If you are looking for one relatively short but solid book to help understand the ocean of literature on justification and “the New Perspective on Paul,” Justification Reconsidered is an excellent choice. He provides a critique of the New Perspective views as articulated by Krister Stendahl, E.P. Sanders, J.D.G. Dunn, N.T. Wright, Douglas Campbell and others, but Westerholm also provides a constructive argument for understanding Paul’s doctrine of justification. He argues that Paul’s view of justification was not only an apologetic against Jewish legalism but was an argument against any view of human works as being a ground of our being declared righteous in the sight of God. While noting that the New Perspective scholars have rightly emphasized some neglected implications of Paul’s doctrine of justification, Westerholm concludes, “The doctrine of justification means that God declares sinners righteous, apart from righteous deeds, when they believe in Jesus Christ” (99).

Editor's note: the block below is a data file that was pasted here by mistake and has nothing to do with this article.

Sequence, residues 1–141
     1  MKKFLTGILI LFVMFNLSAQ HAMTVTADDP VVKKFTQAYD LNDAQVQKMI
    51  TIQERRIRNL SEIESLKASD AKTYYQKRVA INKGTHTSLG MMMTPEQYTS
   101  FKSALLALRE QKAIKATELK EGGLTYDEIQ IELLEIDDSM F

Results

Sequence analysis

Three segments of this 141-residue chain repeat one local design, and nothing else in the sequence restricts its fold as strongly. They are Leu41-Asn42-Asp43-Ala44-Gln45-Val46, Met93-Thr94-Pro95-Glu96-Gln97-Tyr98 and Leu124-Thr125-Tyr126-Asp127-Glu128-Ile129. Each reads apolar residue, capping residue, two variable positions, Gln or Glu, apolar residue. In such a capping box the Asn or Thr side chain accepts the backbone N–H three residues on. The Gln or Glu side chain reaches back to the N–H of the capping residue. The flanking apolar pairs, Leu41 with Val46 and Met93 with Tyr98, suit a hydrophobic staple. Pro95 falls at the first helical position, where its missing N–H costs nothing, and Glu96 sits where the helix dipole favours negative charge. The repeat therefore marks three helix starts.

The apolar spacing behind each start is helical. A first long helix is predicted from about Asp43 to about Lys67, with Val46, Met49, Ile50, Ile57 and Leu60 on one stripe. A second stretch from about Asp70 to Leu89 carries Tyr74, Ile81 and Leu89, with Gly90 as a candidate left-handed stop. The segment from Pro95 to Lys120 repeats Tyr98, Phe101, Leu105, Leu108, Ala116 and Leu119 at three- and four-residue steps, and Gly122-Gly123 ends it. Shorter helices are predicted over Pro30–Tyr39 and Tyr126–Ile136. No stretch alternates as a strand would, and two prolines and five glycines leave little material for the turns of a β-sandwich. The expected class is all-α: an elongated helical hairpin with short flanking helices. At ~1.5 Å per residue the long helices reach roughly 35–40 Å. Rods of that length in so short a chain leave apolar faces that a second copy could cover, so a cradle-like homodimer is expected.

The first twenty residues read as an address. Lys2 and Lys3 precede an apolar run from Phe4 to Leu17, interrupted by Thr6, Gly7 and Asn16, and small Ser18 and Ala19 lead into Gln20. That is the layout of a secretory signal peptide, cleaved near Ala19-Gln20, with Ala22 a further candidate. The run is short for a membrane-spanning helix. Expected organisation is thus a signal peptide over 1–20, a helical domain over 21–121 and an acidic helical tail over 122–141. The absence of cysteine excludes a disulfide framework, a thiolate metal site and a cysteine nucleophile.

What were your favorite ministry books you read during 2014? Share below in the comments.

By |December 17th, 2014|Categories: Blog|Tags: |

About the Author:

David E. Prince is pastor of preaching and vision at Ashland Avenue Baptist Church in Lexington, Kentucky and assistant professor of Christian preaching at The Southern Baptist Theological Seminary. He is the author of In the Arena and Church with Jesus as the Hero. He blogs at Prince on Preaching and frequently writes for The Ethics and Religious Liberty Commission, For the Church, the BGEA and Preaching Today